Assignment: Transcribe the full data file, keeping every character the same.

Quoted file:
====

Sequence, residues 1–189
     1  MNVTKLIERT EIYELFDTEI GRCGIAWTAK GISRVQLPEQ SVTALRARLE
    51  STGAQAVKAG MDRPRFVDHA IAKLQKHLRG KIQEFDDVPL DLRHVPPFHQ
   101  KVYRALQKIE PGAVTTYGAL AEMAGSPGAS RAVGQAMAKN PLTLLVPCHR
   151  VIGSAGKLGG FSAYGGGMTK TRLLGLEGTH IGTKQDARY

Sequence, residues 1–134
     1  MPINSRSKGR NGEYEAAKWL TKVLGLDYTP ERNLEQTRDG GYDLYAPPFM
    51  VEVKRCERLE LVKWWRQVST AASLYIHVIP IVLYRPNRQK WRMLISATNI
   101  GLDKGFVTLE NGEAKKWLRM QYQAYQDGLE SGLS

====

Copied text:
Sequence, residues 1–189
     1  MNVTKLIERT EIYELFDTEI GRCGIAWTAK GISRVQLPEQ SVTALRARLE
    51  STGAQAVKAG MDRPRFVDHA IAKLQKHLRG KIQEFDDVPL DLRHVPPFHQ
   101  KVYRALQKIE PGAVTTYGAL AEMAGSPGAS RAVGQAMAKN PLTLLVPCHR
   151  VIGSAGKLGG FSAYGGGMTK TRLLGLEGTH IGTKQDARY

Sequence, residues 1–134
     1  MPINSRSKGR NGEYEAAKWL TKVLGLDYTP ERNLEQTRDG GYDLYAPPFM
    51  VEVKRCERLE LVKWWRQVST AASLYIHVIP IVLYRPNRQK WRMLISATNI
   101  GLDKGFVTLE NGEAKKWLRM QYQAYQDGLE SGLS